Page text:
Many people with scoliosis have their lives changed by bracing, but few are so intrigued and impressed by the experience that they end up entering the O&P field.
The Bill Miller Blog
Named after Bill Miller, the founder and inventor of the Boston Brace, who had two great passions in his life – innovation and compassionate care for patients.
By reading these blog posts you will learn more about conditions including scoliosis, plagiocephaly, and lower limb and neuromuscular conditions, including technological advancements, treatment options, and how Boston Orthotics & Prosthetics is working to improve the lives of the people we serve. Bill's spirit lives on here.
Many people have never heard of scoliosis before they are diagnosed. That was not the case with 13-year-old Ava Krukonis.
Physical therapy is used to increase function, range of motion, and strength in a specific part of the body. When paired with other treatments or interventions, it can help improve outcomes and have longer-lasting results. There are many physical therapy specialties, and physical therapy for scoliosis requires a specific training program that certifies an individual to practice in that sub-specialty.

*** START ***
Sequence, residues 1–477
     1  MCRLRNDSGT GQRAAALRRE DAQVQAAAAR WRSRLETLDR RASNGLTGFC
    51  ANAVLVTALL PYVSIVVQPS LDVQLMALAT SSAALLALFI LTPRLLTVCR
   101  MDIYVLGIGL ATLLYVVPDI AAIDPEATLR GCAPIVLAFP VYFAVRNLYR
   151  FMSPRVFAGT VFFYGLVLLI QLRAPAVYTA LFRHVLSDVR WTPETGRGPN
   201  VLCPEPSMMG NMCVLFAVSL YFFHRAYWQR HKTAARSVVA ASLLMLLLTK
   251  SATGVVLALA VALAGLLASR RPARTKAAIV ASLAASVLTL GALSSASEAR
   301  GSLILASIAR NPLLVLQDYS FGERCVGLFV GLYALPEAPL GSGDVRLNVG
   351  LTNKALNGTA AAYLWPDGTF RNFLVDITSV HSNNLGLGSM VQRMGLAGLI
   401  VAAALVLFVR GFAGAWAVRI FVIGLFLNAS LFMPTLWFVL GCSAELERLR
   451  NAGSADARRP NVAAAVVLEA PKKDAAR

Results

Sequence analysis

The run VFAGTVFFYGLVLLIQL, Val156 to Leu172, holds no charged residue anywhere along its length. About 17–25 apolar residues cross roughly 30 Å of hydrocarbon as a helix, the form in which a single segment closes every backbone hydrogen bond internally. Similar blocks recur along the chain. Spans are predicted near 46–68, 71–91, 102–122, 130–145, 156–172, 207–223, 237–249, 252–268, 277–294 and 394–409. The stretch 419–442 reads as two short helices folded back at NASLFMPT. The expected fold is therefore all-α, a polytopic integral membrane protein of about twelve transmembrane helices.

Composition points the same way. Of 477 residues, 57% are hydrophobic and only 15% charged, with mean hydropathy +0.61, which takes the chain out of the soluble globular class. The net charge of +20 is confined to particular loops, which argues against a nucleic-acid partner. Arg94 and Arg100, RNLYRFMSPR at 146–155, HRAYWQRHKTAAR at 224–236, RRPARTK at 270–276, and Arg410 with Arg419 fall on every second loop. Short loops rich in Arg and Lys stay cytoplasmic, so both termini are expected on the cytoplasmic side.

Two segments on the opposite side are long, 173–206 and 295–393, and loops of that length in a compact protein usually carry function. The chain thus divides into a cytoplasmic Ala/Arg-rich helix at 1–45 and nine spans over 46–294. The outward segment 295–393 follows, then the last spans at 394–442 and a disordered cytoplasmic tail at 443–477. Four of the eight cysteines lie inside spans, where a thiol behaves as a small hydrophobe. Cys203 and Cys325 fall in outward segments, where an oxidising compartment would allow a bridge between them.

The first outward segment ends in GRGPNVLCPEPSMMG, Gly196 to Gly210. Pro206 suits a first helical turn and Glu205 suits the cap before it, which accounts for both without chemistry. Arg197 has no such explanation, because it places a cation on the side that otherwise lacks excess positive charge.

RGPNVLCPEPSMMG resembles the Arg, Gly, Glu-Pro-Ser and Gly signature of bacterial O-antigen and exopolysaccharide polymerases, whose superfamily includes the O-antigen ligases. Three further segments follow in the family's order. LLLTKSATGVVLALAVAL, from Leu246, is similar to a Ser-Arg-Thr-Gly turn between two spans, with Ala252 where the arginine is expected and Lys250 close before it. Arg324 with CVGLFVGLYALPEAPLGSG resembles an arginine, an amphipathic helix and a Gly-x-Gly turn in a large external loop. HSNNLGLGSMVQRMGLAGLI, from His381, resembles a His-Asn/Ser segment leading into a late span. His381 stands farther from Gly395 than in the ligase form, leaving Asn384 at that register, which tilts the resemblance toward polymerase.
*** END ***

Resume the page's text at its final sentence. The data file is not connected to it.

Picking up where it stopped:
Books can help us understand and get through the biggest of life's challenges, and scoliosis is no exception. Check out these great books about scoliosis for every level of reader.
Roxy is 12 years old and has weakness in her hind legs, has undergone four surgeries, and at one point almost lost a limb. Fortunately, surgery saved her leg, so she still has all four. That’s right: Roxy is a dog, and her mom, Hillary Sussman, is using her story to help differently abled kids gain more confidence and overcome their physical limitations.
At age 4, Kendall was diagnosed with juvenile idiopathic scoliosis. Her mom bought her a Higgy Bear to help her cope with wearing her brace and to use as an educational tool when explaining the brace to her peers.
Let me introduce you to an exceptional, inspiring teenager: Ava from emBrace.
When Robin found out her son James’s clinician, Shelley Sherbondy, CPO, was leaving her current clinic in New Haven, her reaction was immediate.